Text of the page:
The Group of Seven (G7) nations said on Friday that cryptocurrencies such as bitcoin were unsuitable for global payments systems but stablecoins, while not yet certain to be stable, may be better suited.
The G7 - France, US, Canada, Italy, Japan, Germany and the UK - published its final report on stablecoins with the acknowledgement that, as things stand, global cross-border payments and remittances could be slow and that cryptocurrencies had answered some of these problems, but were not without risk.
Cryptocurrencies, the report said, also suffered a number of limitations, including scalability and price volatility:
Thus, cryptoassets have served as a highly speculative asset class for certain investors and those engaged in illicit activities, rather than as a means to make payments.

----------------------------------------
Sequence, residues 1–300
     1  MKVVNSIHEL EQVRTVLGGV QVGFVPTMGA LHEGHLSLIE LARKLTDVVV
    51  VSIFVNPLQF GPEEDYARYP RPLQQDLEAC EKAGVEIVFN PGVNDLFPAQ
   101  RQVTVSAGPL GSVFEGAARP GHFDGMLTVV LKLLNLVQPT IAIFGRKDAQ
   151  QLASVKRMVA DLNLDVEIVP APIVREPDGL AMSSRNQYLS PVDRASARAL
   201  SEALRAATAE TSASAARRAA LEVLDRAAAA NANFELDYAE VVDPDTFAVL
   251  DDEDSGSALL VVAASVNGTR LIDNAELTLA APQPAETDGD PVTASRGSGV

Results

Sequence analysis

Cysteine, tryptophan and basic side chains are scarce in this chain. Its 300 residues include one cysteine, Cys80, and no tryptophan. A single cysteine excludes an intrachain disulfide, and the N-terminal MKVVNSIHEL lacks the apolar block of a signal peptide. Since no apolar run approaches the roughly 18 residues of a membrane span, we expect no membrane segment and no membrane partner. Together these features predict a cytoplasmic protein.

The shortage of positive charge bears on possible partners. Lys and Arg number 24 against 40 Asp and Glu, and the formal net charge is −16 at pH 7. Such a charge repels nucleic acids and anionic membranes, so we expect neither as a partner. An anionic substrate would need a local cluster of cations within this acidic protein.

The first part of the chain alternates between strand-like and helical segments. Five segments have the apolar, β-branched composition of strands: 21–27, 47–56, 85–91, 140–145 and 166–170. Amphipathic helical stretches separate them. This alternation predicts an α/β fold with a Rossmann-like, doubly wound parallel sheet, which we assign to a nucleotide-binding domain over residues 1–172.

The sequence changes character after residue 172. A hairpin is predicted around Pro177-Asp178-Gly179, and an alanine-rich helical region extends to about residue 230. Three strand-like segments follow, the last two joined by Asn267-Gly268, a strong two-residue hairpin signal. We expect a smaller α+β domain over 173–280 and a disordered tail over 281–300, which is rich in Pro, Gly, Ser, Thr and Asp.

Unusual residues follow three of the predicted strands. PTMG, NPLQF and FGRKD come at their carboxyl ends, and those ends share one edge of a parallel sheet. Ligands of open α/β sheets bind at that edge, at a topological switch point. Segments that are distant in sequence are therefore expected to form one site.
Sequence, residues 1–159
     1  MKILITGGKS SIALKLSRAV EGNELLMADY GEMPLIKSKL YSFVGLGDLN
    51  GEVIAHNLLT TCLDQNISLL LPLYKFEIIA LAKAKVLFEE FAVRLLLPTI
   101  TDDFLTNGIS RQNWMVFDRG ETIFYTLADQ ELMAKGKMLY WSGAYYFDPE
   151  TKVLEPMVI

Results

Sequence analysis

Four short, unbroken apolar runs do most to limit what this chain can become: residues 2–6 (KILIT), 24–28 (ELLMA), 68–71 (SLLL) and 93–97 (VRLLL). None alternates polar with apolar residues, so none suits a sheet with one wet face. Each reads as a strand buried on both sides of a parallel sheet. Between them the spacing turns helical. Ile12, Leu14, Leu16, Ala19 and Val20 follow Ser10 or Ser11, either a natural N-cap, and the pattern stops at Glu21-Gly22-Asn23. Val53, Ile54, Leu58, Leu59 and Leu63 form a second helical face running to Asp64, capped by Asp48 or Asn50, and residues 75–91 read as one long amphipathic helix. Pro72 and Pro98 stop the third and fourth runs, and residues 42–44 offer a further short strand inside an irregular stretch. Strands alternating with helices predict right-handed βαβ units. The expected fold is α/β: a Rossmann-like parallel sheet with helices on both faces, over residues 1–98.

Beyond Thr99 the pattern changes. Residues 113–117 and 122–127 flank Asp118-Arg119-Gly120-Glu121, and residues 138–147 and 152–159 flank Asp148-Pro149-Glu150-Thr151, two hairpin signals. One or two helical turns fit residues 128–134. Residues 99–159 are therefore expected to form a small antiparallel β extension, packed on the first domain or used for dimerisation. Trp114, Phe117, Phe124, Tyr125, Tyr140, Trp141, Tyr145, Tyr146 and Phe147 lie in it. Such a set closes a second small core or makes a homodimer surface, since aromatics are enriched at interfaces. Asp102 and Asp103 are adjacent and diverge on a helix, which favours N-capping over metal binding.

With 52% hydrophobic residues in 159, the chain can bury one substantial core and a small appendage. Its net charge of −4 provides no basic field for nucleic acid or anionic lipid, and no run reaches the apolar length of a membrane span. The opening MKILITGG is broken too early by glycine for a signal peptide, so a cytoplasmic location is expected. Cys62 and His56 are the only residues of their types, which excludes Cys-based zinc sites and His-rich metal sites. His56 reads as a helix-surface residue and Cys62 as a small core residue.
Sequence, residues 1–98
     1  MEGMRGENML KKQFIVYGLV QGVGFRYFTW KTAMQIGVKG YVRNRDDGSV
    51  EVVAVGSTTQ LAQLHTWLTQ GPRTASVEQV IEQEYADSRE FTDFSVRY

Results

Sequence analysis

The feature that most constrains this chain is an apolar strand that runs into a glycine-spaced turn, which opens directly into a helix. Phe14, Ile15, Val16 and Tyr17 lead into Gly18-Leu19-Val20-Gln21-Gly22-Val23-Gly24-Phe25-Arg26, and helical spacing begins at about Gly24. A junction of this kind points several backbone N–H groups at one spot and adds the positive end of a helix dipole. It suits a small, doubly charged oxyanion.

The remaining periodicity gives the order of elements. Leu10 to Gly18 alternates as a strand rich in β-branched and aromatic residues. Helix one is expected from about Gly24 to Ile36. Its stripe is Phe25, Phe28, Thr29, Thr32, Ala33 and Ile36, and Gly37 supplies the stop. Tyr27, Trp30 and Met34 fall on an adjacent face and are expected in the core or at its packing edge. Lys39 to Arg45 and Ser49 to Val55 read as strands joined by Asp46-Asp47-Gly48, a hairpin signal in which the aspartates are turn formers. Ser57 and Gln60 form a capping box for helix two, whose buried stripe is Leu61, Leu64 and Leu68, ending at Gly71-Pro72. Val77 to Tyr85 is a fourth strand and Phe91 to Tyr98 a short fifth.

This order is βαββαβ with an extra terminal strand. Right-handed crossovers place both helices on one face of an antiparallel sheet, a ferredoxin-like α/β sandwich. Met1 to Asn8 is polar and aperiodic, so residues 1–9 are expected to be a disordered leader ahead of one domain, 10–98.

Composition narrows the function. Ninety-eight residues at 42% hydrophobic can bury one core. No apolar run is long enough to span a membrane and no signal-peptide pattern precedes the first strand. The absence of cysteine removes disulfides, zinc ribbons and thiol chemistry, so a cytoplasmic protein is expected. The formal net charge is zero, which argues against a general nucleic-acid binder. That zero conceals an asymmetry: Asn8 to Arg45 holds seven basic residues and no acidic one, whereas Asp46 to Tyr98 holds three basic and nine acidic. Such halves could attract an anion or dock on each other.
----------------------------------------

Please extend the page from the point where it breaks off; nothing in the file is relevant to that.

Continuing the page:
The report's main focus, however, was on stablecoins and concluded that because they seek to stabilize the price of the digital token by linking its value to that of an asset or a pool of assets, they might be more capable of "serving as a means of payment and store of value, and could potentially contribute to the development of global payment arrangements that are faster, cheaper and more inclusive than present
These potential benefits can only be realized, however, if significant risks are addressed:
Stablecoins, regardless of size, pose legal, regulatory and oversight challenges and risks including: legal certainty, sound governance, money laundering and other forms of illicit finance, market integrity, tax compliance and consumer and investor protection.
The Libra Association - the group behind the proposed Libra stablecoin - responded by saying it would "operate with transparency and in partnership with regulators". It added:
We welcome the opportunity to continue to engage and hope policymakers will give regulators time and space to continue to develop appropriate regulations.
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